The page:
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Pleasant, yet principled Scala optics DSL

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Goggles - pleasant, yet principled optics DSL

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Optics libraries are either too limited, or too hard to use. Goggles builds on Scala's powerful Monocle library, making immutability easy, fun, and boring, like it should be.

You already know how to use it.

import goggles._ 

case class Topping(cherries: Int) case class Cake(toppings: List[Topping]) case class Bakery(cakes: List[Cake])

val myBakery = Bakery(List(Cake(List(Topping(0), Topping(3))), Cake(List(Topping(4))), Cake(Nil)))

get"$myBakery.cakes*.toppings[0].cherries" // List(0, 4)

set"$myBakery.cakes*.toppings[0].cherries" := 7 // Bakery(List(Cake(List(Topping(7), Topping(3))), // Cake(List(Topping(7))), // Cake(Nil)))

The DSL runs in the compiler, and is completely typesafe. It generates plain Monocle code.

Getting started

Goggles supports Scala 2.11 and 2.12. Add the following to your

file: ```scala libraryDependencies ++= Seq("com.github.kenbot" %% "goggles-dsl" % "1.0", "com.github.kenbot" %% "goggles-macros" % "1.0")

scalacOptions += "-Yrangepos" // Enables better error messages ```


1. Functional programming needs optics

In imperative programming, a game world might be updated like this: += 20
Even just holding a reference to the player, we can be confident that the change will be seen by everyone observing, without knowing anything about the external environment. However, mutability conveys a severe penalty in complexity of behaviour, and our human ability to reason about the code.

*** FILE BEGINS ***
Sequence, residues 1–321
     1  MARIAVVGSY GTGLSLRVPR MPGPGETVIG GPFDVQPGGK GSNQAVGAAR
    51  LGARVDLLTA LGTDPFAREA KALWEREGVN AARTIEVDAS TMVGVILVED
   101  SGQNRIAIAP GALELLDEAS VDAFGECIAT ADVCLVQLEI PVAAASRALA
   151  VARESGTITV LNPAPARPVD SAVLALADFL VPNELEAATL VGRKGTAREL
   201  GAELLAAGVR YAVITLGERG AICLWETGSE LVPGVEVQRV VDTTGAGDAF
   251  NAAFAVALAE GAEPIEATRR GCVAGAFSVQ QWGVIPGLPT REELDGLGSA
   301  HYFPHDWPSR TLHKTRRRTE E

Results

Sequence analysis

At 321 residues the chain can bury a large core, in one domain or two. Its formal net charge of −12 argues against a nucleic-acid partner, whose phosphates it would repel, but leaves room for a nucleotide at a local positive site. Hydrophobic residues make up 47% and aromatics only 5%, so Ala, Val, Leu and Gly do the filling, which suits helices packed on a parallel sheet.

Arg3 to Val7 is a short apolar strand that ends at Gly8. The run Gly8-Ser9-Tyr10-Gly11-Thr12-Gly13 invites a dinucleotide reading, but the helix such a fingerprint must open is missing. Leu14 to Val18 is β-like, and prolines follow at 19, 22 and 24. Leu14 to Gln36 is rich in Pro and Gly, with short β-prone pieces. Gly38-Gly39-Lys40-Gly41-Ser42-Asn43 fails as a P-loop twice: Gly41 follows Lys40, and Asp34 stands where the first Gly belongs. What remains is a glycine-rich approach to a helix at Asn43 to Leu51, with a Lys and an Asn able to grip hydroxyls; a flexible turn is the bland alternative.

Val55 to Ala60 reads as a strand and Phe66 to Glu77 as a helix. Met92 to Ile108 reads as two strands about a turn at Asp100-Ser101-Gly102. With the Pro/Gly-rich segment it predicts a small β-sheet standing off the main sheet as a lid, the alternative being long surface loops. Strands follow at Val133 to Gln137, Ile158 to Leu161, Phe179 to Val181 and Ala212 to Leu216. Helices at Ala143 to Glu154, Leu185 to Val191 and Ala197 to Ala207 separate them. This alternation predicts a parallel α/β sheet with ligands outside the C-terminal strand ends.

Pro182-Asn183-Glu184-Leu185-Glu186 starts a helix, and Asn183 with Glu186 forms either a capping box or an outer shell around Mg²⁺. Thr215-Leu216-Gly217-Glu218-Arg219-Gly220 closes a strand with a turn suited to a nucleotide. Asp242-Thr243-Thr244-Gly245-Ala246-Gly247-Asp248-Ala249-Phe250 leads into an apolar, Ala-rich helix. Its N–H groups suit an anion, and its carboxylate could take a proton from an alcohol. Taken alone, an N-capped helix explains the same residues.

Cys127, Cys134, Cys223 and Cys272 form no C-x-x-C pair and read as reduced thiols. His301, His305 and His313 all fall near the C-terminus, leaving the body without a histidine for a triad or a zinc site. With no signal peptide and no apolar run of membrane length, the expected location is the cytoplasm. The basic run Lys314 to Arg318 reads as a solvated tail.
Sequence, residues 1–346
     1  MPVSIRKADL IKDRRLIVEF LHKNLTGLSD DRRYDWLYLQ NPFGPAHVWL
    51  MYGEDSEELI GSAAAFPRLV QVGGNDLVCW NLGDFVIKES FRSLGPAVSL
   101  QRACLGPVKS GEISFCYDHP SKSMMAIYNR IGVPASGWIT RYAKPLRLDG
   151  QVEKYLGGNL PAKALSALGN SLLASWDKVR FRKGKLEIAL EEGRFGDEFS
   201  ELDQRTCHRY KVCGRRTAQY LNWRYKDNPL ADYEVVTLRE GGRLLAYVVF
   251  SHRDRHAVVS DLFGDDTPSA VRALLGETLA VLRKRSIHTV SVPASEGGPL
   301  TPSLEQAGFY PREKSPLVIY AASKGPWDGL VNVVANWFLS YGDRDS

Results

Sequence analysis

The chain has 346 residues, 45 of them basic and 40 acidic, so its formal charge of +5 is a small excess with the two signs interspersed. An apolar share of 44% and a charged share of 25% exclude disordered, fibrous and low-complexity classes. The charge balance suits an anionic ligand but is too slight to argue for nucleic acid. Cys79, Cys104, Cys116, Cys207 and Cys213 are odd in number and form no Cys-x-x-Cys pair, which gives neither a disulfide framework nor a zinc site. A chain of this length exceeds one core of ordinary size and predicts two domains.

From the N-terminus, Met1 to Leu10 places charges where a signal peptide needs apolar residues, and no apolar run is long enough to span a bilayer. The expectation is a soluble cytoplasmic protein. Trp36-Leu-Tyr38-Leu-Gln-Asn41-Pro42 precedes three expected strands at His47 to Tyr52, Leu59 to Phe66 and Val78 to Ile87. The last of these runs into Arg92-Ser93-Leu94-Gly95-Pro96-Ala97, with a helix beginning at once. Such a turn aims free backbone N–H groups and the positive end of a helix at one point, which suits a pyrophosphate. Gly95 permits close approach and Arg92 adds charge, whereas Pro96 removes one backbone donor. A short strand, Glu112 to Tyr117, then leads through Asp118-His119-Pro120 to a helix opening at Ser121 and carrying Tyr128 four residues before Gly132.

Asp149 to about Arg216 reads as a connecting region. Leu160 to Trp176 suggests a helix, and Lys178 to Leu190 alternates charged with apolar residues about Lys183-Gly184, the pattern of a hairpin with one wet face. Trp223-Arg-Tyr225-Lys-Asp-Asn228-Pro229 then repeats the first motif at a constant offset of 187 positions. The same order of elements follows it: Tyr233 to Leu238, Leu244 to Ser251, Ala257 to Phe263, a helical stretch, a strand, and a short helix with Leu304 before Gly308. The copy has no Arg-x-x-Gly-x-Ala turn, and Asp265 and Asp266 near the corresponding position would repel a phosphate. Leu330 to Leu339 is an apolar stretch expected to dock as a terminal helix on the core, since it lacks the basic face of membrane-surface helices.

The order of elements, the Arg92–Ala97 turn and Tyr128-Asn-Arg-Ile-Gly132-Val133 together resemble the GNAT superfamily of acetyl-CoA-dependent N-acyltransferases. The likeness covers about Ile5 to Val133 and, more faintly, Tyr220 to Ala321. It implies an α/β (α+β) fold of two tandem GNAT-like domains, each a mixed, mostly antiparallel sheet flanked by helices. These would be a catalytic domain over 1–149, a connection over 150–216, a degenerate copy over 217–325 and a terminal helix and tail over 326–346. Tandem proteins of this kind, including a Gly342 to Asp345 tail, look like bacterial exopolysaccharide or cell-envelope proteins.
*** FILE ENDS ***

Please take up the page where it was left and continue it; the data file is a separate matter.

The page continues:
On the other hand, naively using immutable structures leads to unfortunate problems.

  game.copy(currentLevel = 
    game.currentLevel.copy(player = 
      game.currentLevel.player.copy(health = + 20
Ugly, yes, but it gets worse: recreating the object graph is a dire failure of modularity. We must now know exactly where the object sits in the world-structure, and how to recreate every detail up to the root. Modularity is supposed to be a flagship benefit of FP - how embarrassing!

Optics are a family of pure-functional techniques that model access and mutation with composable abstractions. They are the best answer that has emerged to this dilemma; without them FP is dismally unsuited to a range of mundane problems.

2. Power vs ease-of-use. Why choose?

The modifying-immutable-structures problem has been addressed in a variety of ways.

Dynamic environments such as Clojure, jq, and Javascript have features that allow easy manipulation of structures without mutation, but in a very constrained, domain-specific context.


is wonderfully powerful and abstract, but has a reputation for being difficult to learn and use. Why can't we have our cake and eat it too?

3. Monocle + Goggles

Monocle is the leading optics library in Scala; it has a small, well-designed core, but its day-to-day user experience leaves a little to be desired. It has much of the power of

, and also has much of the conceptual weight and learning curve.

This makes it an ideal core for building an optics DSL. Goggles aims to provide an intuitive, discoverable interface over Monocle for beginners, while helping experienced users get the job done with a minimum of fuss.


Navigate case class-like fields by name

import goggles._ 

case class City(name: String, population: Int) case class State(name: String, capital: City) val state = State("Victoria", City("Melbourne", 4087000))

get"$" // 4087000

set"$" += 1 // State("Victoria", City("Melbourne", 4087001))


is syntax sugar; it requires an implicit
in scope for the result type.

Interpolate any Monocle optic

import goggles._ 
import monocle.std.string.stringToInt

get"${"113"}.$stringToInt.$intToChar" // Some('q')

set"${"113"}.$stringToInt.$intToChar" ~= (_.toUpper) // "81"

Compose Monocle optics

import goggles._
import monocle.std.string.stringToInt

val myLens = lens"$stringToInt.$intToChar" // monocle.PPrism[String,String,Char,Char] = [email protected]

myLens.getOption("113") // Some('q')